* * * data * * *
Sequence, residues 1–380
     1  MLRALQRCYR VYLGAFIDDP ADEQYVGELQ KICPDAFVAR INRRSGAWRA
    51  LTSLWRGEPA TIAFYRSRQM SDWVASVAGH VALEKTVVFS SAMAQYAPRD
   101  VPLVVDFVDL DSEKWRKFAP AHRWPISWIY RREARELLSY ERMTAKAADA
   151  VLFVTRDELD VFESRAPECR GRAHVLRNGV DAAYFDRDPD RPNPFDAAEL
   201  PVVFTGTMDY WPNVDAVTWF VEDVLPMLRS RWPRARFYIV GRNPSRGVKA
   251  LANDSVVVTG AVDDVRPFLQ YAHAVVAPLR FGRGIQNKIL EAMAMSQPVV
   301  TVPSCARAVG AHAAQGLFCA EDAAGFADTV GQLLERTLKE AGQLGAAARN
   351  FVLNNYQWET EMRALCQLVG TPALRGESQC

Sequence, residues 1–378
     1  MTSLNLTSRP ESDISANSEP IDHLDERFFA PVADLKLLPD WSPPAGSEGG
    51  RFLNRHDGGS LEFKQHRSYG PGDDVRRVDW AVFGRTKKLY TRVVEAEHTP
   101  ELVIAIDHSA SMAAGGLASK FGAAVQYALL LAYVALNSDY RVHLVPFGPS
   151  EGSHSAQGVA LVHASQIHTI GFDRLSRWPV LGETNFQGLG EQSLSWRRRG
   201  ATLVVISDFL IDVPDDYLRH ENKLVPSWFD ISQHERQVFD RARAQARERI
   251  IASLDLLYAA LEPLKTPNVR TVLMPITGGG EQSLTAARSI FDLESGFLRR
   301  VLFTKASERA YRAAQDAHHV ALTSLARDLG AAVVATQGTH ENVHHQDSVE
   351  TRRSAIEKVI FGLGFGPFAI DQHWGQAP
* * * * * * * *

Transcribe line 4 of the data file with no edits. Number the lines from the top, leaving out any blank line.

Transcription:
   101  VPLVVDFVDL DSEKWRKFAP AHRWPISWIY RREARELLSY ERMTAKAADA